It is amazing how we continue to struggle to understand the fundamentals of lift, but no need to be tearing apart somebody else's work.
In the video (rightly or wrongly) the Bernoulli equation for flow through a restricted pipe is used:
P1 + 1/2 $\rho$v1$^2$ = P2 + 1/2 $\rho$v2$^2$
F/Area = (P1 - P2) or $\Delta$P
Where he get a little shakey is when a division by $\rho$ step is not explained, leading to
P1/$\rho$ + 1/2 v1$^2$ = P2/$\rho$ + 1/2 v2$^2$
Now we have $\Delta$P/$\rho$ = 1/2 (v2$^2$ - v1$^2$) = 1/2 $\Delta$ (of) v$^2$
Plugging back in to $\Delta$P/$\rho$ = F/(A$\rho$) = 1/2 $\Delta$v$^2$
--> F or Lift = 1/2 $\rho$ × A × $\Delta$v$^2$, or, substituting the symbol S for area :
Lift = 1/2 $\rho$ × S × $\Delta$v$^2$
Although the math is correct: the issue is that $\Delta$v$^2$ in pipes is further dissected to v$^2$ of the freestream × coefficient of lift in aviation.
Coefficient of lift contains the factors of Angle of Attack and Airfoil shape and camber.
Any object moving through a fluid will create drag, but we can study the phenomena relative to the aircraft, so now we have air flowing over the stationary object, as in a wind tunnel.
Perhaps easier to understand by taking a fully symmetrical object, and pointing it straight into the wind: we have high pressure and lower velocity in front, and lower pressure and higher velocity on top and bottom.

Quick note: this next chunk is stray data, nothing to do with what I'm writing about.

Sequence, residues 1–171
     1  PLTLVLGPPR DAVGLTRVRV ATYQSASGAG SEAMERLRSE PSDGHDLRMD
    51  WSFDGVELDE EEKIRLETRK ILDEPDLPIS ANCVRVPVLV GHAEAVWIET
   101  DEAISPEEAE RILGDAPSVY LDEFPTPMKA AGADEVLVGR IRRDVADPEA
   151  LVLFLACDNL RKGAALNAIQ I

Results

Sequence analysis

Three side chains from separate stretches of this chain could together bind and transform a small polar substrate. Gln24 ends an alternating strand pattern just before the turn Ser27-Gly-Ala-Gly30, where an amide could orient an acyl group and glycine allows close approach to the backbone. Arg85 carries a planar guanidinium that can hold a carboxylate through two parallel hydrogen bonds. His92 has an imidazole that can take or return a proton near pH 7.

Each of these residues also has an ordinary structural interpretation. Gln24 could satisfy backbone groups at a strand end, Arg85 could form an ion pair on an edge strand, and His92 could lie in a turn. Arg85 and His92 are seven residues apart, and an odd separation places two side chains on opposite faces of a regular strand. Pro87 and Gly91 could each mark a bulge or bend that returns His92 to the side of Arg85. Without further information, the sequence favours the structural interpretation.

In order to create lift, we must have an angle of attack to the freestream. Lift can be positive or negative, but to counter-act gravitational force, we need to produce a postive angle of attack$^1$.
Now, the higher pressure, lower velocity region grows in size and shifts to underneath the wing, and the lower pressure higher velocity "wake" of the wing is on top of the wing.
Naturally, we see an increase in drag as AoA increases.
But as speed increases, the ability of the wing to hold higher pressure below, and lower pressure above, increases because $\Delta$ pressure can be maintained faster than the natural tendency of air pressure to equalize pressure.
Here the energy of the thrust is literally running a vacuum pump and a pressure pump on the wing at the same time, creating the lifting force.
Another very important factor is Reynolds number. Above a certain limit, the efficiency of the pressure/vacuum pump increases greatly, allowing much higher Lift to Drag ratios.
Changes in airfoil shapes design can improve this further.
$^1$ asymmetrical wings can generate lift at 0, or even slightly negative, Angle of Attack